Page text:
Small-caps and large-caps are wildly popular among investors, however, mid-cap stocks, such as Kansas City Southern (NYSE:KSU), with a market capitalization of US$9.9b, rarely draw their attention from the investing community. However, generally ignored mid-caps have historically delivered better risk adjusted returns than both of those groups. Today we will look at KSU’s financial liquidity and debt levels, which are strong indicators for whether the company can weather economic downturns or fund strategic acquisitions for future growth. Note that this commentary is very high-level and solely focused on financial health, so I suggest you dig deeper yourself into KSU here.
How does KSU’s operating cash flow stack up against its debt?
KSU has sustained its debt level by about US$2.7b over the last 12 months – this includes long-term debt. At this current level of debt, KSU’s cash and short-term investments stands at US$107m for investing into the business. Additionally, KSU has produced US$1.0b in operating cash flow in the last twelve months, leading to an operating cash to total debt ratio of 37%, meaning that KSU’s operating cash is sufficient to cover its debt. This ratio can also be a sign of operational efficiency as an alternative to return on assets. In KSU’s case, it is able to generate 0.37x cash from its debt capital.
Can KSU pay its short-term liabilities?
With current liabilities at US$466m, the company has maintained a safe level of current assets to meet its obligations, with the current ratio last standing at 1.32x. Usually, for Transportation companies, this is a suitable ratio since there is a bit of a cash buffer without leaving too much capital in a low-return environment.
Does KSU face the risk of succumbing to its debt-load?
With a debt-to-equity ratio of 53%, KSU can be considered as an above-average leveraged company. This is not unusual for mid-caps as debt tends to be a cheaper and faster source of funding for some businesses. We can check to see whether KSU is able to meet its debt obligations by looking at the net interest coverage ratio. A company generating earnings before interest and tax (EBIT) at least three times its net interest payments is considered financially sound. In KSU’s, case, the ratio of 8.97x suggests that interest is appropriately covered, which means that lenders may be less hesitant to lend out more funding as KSU’s high interest coverage is seen as responsible and safe practice.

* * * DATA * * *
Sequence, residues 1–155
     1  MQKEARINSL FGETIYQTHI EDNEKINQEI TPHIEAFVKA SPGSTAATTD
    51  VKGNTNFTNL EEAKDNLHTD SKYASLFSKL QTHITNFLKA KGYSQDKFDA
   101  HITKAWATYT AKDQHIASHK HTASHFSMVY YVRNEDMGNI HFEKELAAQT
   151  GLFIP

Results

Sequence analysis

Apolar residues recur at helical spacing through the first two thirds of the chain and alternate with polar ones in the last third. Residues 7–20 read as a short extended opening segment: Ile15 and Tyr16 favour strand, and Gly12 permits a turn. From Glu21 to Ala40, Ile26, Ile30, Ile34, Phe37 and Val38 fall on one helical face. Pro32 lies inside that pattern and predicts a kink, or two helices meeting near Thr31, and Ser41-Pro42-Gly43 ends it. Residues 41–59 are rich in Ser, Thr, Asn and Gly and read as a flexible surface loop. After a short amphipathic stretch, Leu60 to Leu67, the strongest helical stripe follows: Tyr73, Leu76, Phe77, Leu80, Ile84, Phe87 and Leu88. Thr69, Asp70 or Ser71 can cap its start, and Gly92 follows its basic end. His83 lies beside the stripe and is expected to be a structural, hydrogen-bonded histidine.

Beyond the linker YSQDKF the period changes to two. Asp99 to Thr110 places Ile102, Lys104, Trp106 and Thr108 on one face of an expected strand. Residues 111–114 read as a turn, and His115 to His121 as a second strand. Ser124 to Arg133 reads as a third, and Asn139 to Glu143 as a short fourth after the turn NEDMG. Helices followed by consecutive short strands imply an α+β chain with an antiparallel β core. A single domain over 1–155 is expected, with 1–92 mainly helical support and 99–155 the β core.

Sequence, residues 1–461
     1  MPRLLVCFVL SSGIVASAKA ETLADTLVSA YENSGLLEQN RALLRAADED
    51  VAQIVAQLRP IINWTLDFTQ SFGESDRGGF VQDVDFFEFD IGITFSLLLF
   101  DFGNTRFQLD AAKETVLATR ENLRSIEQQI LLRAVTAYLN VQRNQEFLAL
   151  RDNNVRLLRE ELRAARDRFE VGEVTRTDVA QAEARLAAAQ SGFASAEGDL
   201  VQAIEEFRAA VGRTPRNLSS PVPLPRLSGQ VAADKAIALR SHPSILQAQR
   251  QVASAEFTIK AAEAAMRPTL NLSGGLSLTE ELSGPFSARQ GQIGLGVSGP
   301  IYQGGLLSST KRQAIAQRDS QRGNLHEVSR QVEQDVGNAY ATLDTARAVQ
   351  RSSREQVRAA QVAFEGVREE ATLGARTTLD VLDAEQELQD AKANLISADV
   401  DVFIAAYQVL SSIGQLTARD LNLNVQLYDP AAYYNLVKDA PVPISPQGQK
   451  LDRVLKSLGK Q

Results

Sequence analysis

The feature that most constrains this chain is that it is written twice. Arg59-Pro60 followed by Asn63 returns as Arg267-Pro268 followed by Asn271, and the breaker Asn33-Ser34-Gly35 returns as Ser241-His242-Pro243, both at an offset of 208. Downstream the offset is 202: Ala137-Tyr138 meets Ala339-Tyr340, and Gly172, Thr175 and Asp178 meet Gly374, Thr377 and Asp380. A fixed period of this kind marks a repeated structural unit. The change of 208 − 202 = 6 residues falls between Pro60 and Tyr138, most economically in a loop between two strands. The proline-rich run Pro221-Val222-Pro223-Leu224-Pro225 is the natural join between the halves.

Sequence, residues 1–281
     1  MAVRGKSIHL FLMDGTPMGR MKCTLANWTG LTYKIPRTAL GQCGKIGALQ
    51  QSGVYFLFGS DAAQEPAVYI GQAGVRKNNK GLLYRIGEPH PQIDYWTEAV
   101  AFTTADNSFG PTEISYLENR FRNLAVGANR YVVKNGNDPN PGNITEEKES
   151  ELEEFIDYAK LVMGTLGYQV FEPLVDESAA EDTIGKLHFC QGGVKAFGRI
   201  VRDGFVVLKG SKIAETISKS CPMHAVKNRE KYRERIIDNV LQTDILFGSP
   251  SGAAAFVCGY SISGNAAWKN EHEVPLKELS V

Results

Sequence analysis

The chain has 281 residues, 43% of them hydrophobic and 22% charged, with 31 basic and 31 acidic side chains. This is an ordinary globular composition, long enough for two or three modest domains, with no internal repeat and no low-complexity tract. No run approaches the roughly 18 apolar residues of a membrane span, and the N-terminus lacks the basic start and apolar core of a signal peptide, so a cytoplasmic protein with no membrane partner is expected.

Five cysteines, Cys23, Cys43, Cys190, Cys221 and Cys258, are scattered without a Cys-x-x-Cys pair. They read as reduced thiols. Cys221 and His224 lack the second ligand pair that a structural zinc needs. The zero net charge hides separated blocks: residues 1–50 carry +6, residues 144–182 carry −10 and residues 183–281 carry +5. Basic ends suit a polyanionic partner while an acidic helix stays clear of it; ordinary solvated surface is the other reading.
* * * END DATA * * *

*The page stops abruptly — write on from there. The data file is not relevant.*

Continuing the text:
Although KSU’s debt level is towards the higher end of the spectrum, its cash flow coverage seems adequate to meet obligations which means its debt is being efficiently utilised. This may mean this is an optimal capital structure for the business, given that it is also meeting its short-term commitment. Keep in mind I haven’t considered other factors such as how KSU has been performing in the past. You should continue to research Kansas City Southern to get a better picture of the mid-cap by looking at:
- Future Outlook: What are well-informed industry analysts predicting for KSU’s future growth? Take a look at our free research report of analyst consensus for KSU’s outlook.
- Valuation: What is KSU worth today? Is the stock undervalued, even when its growth outlook is factored into its intrinsic value? The intrinsic value infographic in our free research report helps visualize whether KSU is currently mispriced by the market.
- Other High-Performing Stocks: Are there other stocks that provide better prospects with proven track records? Explore our free list of these great stocks here.
To help readers see past the short term volatility of the financial market, we aim to bring you a long-term focused research analysis purely driven by fundamental data. Note that our analysis does not factor in the latest price-sensitive company announcements.
The author is an independent contributor and at the time of publication had no position in the stocks mentioned. For errors that warrant correction please contact the editor at firstname.lastname@example.org.